Under the Tihomirovs approach, the draft, unissued statement of claim becomes the subject of a certification motion which is contrary to the text of Rule 334.16(1). It speaks of certifying an existing proceeding, not a proposed proceeding. Tihomirovs, however, remains good law (Miller v Canada (AG), 2002 FCA 370). Yet Tihomirovs sits uncomfortably within the Act, the FCR and associated jurisprudence. Tihomirovs needs to be tweaked to address these concerns so that it can fit more comfortably into the FCR. The Court should consider the proposed statement of claim as if it were finalized and filed, then assess whether the action and the application for judicial review, if they were consolidated, would meet the certification requirements under Rule 334.16. It should require that within a short period of time the proposed statement of claim be filed as the statement of claim, the action be consolidated with the application, and the consolidated proceeding be prosecuted as if it were an action. Under this revised approach, nothing is being converted to an action under ss 18.4(2) of the Act, consistent with the jurisprudence of this Court (Canada (Human Rights Commission) v Saddle Lake Cree Nation, 2018 FCA 228). Instead, the Court is attaching a term to its certification order allowing the consolidated proceeding to be prosecuted as if it were an action.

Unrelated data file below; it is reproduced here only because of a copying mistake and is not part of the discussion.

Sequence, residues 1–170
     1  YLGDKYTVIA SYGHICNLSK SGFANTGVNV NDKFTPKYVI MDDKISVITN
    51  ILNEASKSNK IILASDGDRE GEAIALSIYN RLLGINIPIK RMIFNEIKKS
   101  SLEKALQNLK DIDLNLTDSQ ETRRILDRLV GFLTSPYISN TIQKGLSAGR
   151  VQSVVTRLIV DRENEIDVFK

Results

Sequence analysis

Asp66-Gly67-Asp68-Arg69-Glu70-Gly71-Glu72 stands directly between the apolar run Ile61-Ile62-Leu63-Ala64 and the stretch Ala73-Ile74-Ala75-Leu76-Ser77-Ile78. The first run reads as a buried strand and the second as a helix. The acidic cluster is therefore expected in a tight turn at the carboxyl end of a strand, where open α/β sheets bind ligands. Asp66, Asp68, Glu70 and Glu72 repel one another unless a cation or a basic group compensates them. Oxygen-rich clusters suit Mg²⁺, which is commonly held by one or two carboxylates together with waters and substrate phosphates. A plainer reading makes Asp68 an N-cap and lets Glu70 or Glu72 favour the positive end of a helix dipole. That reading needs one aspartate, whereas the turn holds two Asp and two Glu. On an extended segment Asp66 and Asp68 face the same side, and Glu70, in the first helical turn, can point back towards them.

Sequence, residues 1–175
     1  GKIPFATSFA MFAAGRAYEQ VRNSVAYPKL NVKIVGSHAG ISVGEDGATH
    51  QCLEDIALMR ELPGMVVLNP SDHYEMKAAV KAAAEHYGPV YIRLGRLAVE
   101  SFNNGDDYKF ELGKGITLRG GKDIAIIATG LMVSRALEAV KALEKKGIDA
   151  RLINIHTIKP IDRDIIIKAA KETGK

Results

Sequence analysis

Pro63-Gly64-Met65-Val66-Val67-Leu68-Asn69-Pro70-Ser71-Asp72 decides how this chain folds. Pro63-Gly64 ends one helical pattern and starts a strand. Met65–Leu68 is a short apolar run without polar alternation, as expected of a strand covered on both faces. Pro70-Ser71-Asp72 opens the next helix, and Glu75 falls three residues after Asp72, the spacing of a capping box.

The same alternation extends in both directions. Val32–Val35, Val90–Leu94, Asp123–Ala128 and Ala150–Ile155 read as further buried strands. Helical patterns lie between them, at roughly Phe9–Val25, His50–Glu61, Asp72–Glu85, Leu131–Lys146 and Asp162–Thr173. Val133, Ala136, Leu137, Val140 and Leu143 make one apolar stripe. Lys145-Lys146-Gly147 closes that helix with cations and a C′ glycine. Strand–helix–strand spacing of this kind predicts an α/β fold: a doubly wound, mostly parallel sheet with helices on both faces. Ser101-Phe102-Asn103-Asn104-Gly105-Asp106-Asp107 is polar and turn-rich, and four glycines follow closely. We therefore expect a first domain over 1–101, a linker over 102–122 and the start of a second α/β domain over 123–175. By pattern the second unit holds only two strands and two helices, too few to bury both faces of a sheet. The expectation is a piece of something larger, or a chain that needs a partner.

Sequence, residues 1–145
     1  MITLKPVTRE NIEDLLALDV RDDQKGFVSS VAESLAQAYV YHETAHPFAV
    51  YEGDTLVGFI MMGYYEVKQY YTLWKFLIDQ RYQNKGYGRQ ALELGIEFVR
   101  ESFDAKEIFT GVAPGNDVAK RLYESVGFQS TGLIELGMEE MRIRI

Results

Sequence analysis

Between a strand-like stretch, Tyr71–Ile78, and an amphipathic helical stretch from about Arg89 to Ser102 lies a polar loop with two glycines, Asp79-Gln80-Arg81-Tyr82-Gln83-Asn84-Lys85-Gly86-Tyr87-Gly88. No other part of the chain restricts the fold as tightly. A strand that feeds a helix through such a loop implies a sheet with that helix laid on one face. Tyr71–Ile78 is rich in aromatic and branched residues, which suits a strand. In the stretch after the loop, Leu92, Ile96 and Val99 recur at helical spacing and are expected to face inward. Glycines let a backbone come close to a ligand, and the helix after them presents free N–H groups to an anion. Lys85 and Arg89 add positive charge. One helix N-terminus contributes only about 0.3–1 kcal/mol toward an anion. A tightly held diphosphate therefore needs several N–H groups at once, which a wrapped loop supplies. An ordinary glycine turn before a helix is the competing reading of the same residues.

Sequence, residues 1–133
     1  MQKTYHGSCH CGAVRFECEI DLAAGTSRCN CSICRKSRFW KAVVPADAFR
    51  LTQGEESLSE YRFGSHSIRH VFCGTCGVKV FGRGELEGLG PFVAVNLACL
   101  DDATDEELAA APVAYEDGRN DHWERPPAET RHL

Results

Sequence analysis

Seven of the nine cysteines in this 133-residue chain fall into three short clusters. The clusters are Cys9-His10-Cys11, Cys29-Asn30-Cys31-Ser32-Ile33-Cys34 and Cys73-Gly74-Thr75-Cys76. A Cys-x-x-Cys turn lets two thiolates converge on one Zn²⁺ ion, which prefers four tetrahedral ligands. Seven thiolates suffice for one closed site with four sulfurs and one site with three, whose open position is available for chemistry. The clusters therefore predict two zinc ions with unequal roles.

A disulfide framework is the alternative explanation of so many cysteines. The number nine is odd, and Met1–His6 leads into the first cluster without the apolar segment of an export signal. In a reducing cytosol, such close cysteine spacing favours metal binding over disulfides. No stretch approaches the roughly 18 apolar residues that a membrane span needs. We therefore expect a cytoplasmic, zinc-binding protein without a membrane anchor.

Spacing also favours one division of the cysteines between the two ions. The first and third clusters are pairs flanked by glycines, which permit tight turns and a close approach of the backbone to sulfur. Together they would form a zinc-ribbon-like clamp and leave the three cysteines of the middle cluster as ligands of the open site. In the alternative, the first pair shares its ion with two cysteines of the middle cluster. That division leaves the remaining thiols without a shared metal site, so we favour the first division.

The revised Tihomirovs approach places the litigants in substantially the same position they would have been in if they followed the Hinton or the Paradis Honey approaches. It would be wise for parties in the future to follow these latter approaches, the Paradis Honey approach being the simplest of all, when applying to certify a class proceeding where they seek simultaneously the invalidation of administrative decision-making and damages for wrongful administrative decision-making as in this matter.